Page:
The State of Safeguard: Where We’ve Been and Where We’re Going

Posted by | January 18, 2013

During my nearly five years at Safeguard, I’ve worked closely with my predecessor, Peter Boni, and the current management team to define our strategy and develop plans to achieve our objective to build value for our shareholders.

Over the past several months since the board asked me to become President and CEO, I have spent considerable time talking with the team, taking inventory of our resources, assessing the industry environment, and formulating my plans and strategies to lead Safeguard into the future.

At the Needham Growth Conference yesterday, in a presentation broadly disseminated to the investment community, I took the opportunity to formally articulate my vision for Safeguard and the path I intend to follow to achieve our objectives.

Due to the success Safeguard’s current management team has achieved during my tenure, I truly believe our business model is building tremendous value for our shareholders. Cash-on-cash returns doubled on $110 million in initial capital deployed into partner companies that we’ve sold or written off since 2006. Those returns place us in the top echelon amongst comparable venture and private equity funds in light of the Great Recession.

It is for these reasons that I believe our strategy going forward is to build upon our proven model by concentrating more of our resources on the tactics and activities that have been most successful over the years.

Despite the tremendous success we have achieved building value in our partner companies, it seems that investors are getting tripped up by the black and white accounting that obscures how all of that partner company value aggregates within Safeguard.  Whether it’s the right methodology or not, investors feel much more comfortable valuing companies based on traditional operating metrics.

Fortunately, our evergreen, self-funding strategy envisions a growing pool of capital, with proceeds from a steady flow of well-timed exits used for new deployments. As we continue to grow, we expect to reach a ‘steady state’ of regular exits, which will deliver the operating performance that investors crave.  We’ve continually moved closer to this objective, as we incubate companies across the various stages of development in which we deploy capital, ultimately aiming to have these companies acquired by strategic buyers that can integrate them into their existing businesses.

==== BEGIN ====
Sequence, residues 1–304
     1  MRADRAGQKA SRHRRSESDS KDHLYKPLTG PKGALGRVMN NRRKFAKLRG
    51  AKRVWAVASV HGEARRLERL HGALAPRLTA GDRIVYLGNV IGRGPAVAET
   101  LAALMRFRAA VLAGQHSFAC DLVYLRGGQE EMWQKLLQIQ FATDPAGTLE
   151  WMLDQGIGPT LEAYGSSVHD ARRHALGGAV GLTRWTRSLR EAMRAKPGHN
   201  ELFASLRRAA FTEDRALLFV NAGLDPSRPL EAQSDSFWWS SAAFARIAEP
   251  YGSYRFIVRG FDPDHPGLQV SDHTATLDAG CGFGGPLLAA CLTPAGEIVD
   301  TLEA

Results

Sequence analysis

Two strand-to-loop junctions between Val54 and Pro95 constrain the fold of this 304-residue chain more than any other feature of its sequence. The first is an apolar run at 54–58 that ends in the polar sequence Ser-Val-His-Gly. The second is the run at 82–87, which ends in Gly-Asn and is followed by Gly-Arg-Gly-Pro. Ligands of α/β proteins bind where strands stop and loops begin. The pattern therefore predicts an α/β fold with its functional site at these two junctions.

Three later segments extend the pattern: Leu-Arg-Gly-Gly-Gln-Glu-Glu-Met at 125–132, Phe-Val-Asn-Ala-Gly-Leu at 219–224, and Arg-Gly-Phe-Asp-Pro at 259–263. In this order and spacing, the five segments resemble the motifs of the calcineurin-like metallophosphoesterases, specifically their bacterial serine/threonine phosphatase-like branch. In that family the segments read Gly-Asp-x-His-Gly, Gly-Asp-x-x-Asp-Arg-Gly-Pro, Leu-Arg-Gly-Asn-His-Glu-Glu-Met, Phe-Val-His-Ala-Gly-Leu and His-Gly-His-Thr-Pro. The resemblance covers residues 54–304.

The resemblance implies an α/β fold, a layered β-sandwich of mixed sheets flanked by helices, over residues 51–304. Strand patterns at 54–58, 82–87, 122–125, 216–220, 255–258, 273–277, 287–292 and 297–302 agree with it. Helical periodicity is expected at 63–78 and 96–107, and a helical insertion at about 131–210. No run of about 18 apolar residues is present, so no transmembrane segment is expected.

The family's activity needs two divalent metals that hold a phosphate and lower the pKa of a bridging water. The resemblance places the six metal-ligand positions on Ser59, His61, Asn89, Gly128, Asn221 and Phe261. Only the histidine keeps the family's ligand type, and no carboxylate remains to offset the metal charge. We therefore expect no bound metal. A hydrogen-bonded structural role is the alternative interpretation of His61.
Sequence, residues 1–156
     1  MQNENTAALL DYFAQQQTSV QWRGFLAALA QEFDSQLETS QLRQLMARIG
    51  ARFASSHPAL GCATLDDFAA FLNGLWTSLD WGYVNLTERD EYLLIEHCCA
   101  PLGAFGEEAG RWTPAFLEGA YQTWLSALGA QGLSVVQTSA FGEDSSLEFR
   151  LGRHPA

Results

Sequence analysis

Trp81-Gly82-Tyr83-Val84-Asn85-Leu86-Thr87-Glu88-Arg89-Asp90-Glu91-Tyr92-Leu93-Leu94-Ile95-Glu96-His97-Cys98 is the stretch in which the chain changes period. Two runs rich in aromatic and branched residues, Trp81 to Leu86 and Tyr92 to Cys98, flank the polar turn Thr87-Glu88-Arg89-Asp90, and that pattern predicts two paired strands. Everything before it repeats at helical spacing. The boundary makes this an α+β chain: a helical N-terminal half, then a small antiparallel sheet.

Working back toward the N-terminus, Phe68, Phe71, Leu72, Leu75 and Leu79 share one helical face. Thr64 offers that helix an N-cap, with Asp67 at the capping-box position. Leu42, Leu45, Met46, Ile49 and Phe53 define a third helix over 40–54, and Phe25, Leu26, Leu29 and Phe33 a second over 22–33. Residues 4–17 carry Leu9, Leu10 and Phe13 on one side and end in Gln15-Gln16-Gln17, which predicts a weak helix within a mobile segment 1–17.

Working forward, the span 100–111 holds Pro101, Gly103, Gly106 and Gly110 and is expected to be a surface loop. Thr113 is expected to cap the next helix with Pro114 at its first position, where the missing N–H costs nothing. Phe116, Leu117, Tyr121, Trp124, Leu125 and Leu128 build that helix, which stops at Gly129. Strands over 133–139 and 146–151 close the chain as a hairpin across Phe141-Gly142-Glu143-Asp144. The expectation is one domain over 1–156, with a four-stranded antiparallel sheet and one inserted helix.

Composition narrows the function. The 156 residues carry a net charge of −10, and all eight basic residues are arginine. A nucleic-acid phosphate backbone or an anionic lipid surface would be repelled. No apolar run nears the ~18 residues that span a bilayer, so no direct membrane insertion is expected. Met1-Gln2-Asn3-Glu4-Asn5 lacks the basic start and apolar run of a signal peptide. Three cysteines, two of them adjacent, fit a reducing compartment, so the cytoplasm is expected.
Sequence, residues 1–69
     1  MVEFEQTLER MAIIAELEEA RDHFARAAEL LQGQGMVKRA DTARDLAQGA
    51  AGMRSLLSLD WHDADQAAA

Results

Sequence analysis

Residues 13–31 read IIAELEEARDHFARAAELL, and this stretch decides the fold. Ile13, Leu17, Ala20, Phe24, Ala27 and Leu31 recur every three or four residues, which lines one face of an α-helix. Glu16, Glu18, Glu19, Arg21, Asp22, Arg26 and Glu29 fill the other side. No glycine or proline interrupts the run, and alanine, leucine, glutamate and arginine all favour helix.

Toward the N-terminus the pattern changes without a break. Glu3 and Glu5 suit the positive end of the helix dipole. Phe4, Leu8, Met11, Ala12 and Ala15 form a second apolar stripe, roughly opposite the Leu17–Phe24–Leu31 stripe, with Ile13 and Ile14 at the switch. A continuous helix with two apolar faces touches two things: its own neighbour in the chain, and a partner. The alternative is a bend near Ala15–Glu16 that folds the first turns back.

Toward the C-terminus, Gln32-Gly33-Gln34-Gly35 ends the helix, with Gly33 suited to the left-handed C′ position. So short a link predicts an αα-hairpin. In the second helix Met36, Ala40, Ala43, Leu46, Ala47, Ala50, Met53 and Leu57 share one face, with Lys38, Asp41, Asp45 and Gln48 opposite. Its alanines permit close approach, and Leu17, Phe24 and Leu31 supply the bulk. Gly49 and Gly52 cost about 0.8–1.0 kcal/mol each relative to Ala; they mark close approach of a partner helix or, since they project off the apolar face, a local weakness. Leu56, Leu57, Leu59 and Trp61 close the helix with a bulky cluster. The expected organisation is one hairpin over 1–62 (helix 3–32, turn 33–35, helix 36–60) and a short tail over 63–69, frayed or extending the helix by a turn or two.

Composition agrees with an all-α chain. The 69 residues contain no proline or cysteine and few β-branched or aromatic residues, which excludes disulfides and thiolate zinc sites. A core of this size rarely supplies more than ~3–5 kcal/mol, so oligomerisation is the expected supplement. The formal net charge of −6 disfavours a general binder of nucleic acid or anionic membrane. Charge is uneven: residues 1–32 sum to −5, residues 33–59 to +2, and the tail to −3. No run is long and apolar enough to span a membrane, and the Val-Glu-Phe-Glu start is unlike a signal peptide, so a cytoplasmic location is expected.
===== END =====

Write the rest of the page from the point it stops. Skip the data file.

To help accelerate the realization of our strategy, one of the goals I have outlined is to increase the number of partner companies from 18, which we have today, to something close to 25-30 partner companies over the next year. This larger stable of companies supports our evergreen strategy — more partner companies improves our ability to manage the timing of exits while still targeting (and hopefully achieving) an aggregate cash-on-cash return at minimum of 2x cost.

In addition, we’ve looked at our most successful partner companies to identify ‘best practices’ we can employ to improve performance.  As a result, we’ll be more disciplined in making initial capital deployments in the amounts for which we have realized the greatest returns. What does that mean? We’ll focus on initial deployments in the $5 million to $15 million range, which has demonstrated to be the real sweet spot for Safeguard.  Deployments of this size typically allow for any potential add-on fundings of another $5 million to $10 million, providing us with the ability to have appropriate board representation, and offering us the opportunity to exercise the degree of control that has generally led to exits that exceed our return thresholds.

I intend to support the focus of our talented management team. We’ll continue to find our best opportunities in the sectors of the healthcare and technology industries in which we have the greatest domain expertise: on the healthcare side, this includes medtech (diagnostics and devices), healthtech (aka healthcareIT), and specialty pharmaceuticals; and on the technology side financial technology, digital media and Enterprise 3.0.

The Great Recession created challenges for many firms in our industry. As a result, firms have gone out of business, abandoned their core focus, or scaled back.  Over the same period, Safeguard partner company aggregate revenues have risen from $31.5 million in 2007 to an expected $185 million to $190 million in 2012.  It’s my intention to build on this legacy of outstanding performance to drive additional value for our shareholders.

This is a great time for Safeguard, and I am privileged and excited by the opportunity to lead our dynamic organization forward.


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